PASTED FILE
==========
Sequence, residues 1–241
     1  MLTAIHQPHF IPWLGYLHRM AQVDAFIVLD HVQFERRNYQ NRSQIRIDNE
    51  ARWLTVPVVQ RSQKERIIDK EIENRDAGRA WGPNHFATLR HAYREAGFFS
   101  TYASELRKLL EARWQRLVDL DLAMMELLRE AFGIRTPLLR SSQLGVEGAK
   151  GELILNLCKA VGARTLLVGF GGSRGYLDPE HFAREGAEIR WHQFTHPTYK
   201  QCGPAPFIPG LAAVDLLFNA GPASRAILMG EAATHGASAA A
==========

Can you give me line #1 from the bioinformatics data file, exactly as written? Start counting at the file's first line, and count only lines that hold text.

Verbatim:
Sequence, residues 1–241